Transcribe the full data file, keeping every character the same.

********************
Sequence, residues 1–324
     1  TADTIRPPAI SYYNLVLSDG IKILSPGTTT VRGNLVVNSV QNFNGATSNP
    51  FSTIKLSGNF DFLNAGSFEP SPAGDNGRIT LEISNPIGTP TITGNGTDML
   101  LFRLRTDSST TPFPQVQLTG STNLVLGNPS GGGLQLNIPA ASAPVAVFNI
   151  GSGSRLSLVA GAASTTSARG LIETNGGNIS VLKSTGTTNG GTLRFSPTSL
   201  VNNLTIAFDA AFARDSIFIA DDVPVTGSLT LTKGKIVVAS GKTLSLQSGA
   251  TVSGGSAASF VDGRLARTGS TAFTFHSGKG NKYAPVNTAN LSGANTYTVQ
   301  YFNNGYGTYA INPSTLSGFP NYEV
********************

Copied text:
Sequence, residues 1–324
     1  TADTIRPPAI SYYNLVLSDG IKILSPGTTT VRGNLVVNSV QNFNGATSNP
    51  FSTIKLSGNF DFLNAGSFEP SPAGDNGRIT LEISNPIGTP TITGNGTDML
   101  LFRLRTDSST TPFPQVQLTG STNLVLGNPS GGGLQLNIPA ASAPVAVFNI
   151  GSGSRLSLVA GAASTTSARG LIETNGGNIS VLKSTGTTNG GTLRFSPTSL
   201  VNNLTIAFDA AFARDSIFIA DDVPVTGSLT LTKGKIVVAS GKTLSLQSGA
   251  TVSGGSAASF VDGRLARTGS TAFTFHSGKG NKYAPVNTAN LSGANTYTVQ
   301  YFNNGYGTYA INPSTLSGFP NYEV